Black Coaches Lose For Winning | Brian Flores Claims Dolphins Owner Offered Him Money To Tank Games, Fired Him When He Won Too Much

Raise your hand if you had Brian Flores suing the NFL and three of its franchises for discrimination in hiring in the office pool …

He’s making some damning allegations, but with the NFL’s current track record on everything from race relations to minority hires, the sports world is listening.

The former Miami Dolphins head coach filed a 58-page class action lawsuit in Manhattan federal court on Feb. 1, alleging discrimination regarding his interview processes with the Denver Broncos and New York Giants and his firing last month by the Dolphins.

The lawsuit claims the Giants violated the league’s Rooney rule covering inclusive hiring in picking their next head coach. Included in Flores’ complaint are screenshots of alleged text messages in which New England Patriots head coach Bill Belichick informed Flores that the Giants had already chosen Brian Daboll to be their new head coach while Flores was preparing to meet with Giants general manager Joe Schoen.

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If true, that’s damning evidence. But are we really surprised? The Rooney rule and any other type of mandate that tries to create diversity often proves futile, because of the subjective nature of the hiring process.

Let’s assume Flores never filed this lawsuit and Belichick never allegedly sent those text messages. The Giants interviewed Leslie Frazier (Black), Flores (Black), Patrick Graham (Black), Brian Daboll (white), Dan Quinn (white) and Lou Anarumo (white) for their vacant head coaching position.

That’s six candidates split evenly along the Black/White racial line. Frazier and Daboll both received second interviews. All things being even (which we know they’re not) it was a 50-50 shot either a Black man or white man was hired.

Again, absent any hard proof, how can someone prove not getting hired was the result of racial discrimination? All franchises have to do is bring in an equal number of minority and white candidates and make sure that an equal number of both receive second interviews and the rule is satisfied.

An “equal opportunity” was provided, but yet again an NFL team tells on itself with the outcome of this opportunity.

Until now, potentially, what every conscious person who pays attention to the NFL franchises’ hiring practices knew to be true can be called out and the perpetrators of these injustices can be held to account.

If the screenshots of the alleged text messages from Belichick are verified, that’s the smoking gun. Informing Flores, who had yet to have his interview, that the Giants had already selected Daboll as the head coach proves the interview process was a sham.

NFL owners are primarily older white conservative men. Diversity and inclusion is not something they particularly care about or are interested in. The NFL and by extension its owners and decision makers harbor many of the same beliefs that this nation was founded on.

They value the Black body as a means of production, profit, labor and capital. But have no regard for the Black mind. How do we know this? Look at how they talk about prospects at the quarterback position every single year during NFL draft season.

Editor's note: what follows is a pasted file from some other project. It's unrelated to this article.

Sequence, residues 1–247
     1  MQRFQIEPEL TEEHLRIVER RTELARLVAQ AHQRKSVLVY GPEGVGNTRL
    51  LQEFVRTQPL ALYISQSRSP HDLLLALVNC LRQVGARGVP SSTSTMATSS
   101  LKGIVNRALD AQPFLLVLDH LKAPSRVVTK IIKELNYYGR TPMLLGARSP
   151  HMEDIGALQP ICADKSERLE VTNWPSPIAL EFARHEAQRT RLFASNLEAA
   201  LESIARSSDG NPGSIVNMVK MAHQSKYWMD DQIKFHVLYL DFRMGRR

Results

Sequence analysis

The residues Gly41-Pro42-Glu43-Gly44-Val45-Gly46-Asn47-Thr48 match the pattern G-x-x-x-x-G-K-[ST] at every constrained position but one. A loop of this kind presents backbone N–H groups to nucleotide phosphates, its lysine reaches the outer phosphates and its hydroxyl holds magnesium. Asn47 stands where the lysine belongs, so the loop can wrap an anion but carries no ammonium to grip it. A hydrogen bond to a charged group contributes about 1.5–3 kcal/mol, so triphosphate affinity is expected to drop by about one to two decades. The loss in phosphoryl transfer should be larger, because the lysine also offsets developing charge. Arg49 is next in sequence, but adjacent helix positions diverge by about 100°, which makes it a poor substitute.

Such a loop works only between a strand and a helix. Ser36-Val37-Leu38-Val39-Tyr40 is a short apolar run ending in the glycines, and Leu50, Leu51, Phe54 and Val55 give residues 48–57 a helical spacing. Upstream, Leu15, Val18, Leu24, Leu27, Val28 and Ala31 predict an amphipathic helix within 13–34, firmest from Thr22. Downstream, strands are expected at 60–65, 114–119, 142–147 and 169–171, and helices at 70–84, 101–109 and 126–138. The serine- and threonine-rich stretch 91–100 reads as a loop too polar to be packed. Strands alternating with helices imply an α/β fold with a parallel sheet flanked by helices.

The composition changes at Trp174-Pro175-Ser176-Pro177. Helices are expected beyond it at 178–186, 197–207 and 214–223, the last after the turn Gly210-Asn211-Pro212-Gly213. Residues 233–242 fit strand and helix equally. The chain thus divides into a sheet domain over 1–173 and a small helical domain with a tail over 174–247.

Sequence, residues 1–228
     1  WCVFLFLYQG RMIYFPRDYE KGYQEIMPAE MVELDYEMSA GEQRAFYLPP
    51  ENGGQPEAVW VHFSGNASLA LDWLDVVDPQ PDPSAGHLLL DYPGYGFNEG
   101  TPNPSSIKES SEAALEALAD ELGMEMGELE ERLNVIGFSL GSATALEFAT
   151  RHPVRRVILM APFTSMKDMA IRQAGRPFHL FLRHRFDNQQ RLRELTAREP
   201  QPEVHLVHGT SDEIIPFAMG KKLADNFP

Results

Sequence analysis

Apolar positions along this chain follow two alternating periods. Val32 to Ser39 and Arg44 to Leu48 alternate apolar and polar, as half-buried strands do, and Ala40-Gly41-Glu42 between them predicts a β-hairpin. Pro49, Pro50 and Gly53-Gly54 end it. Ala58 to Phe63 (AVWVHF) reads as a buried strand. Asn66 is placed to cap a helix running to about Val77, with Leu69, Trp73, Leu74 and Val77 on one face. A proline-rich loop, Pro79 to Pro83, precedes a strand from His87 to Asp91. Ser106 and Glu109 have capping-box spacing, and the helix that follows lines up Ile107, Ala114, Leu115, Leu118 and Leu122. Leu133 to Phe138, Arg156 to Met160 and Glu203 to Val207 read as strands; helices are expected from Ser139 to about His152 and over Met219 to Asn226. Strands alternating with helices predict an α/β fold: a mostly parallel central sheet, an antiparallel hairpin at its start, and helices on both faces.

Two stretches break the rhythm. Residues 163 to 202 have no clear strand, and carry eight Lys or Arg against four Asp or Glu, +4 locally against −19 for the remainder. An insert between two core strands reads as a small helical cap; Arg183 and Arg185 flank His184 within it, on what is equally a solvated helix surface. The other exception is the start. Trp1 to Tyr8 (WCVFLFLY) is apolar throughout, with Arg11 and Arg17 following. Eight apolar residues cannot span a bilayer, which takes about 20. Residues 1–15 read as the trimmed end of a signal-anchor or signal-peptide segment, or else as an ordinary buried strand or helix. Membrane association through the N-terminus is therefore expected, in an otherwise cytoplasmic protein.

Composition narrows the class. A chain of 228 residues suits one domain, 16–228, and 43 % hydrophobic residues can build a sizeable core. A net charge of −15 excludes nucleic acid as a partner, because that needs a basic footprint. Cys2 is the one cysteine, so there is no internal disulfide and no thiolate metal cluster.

White quarterback prospects are often referred to as heady and great leaders. They can go through their progressions and read defenses.

Black quarterback prospects can make plays with their legs, are natural athletes and raw talents.

The implications are obvious. White quarterbacks think the game and Black quarterbacks play it. That line of thinking extends to the coordinator level. White offensive coordinators are often referred to as geniuses and innovators.

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The few Black offensive coordinators are called players coaches or derided for lack of play calling responsibilities.

Offensive coordinator is often the prerequisite to becoming a head coach. Every offseason we hear about all the bright coordinators (often white) who are ready to become head coaches.

How is it that four-year Buffalo Bills offensive coordinator Daboll got a head coaching opportunity before Kansas City Chiefs offensive coordinator and play-caller Eric Bieniemy? All the latter has done is go to four straight conference championships, including two Super Bowls, and winning one.

Flores’ lawsuit alleges Dolphins owner Stephen Ross attempted to incentivize him to  purposely lose games after he was hired in 2019. Ross allegedly offered Flores $100,000 for every loss that season. Flores says that as the team won games late in the season, Dolphins general manager Chris Grier told him Ross was “mad” that Flores’ on-field success was “compromising [the team’s] draft position.”

Imagine that? You get hired to be a head coach, you are good at your job and your boss is mad at you.

Flores’ lawsuit has the potential to be groundbreaking and fundamentally change how NFL teams conduct their business. But in filing Flores has all but killed his NFL career, and he knows it.

“God has gifted me with a special talent to coach the game of football, but the need for change is bigger than my personal goals,” Flores said in a statement released by his attorneys. “My sincere hope is that by standing up against systemic racism in the NFL, others will join me to ensure that positive change is made for generations to come.”

For any worthwhile change to occur, great sacrifices must be made. That’s the history of human civilization. Flores has put his dream and livelihood on the line with the hopes that things will be better for others like him in the future.

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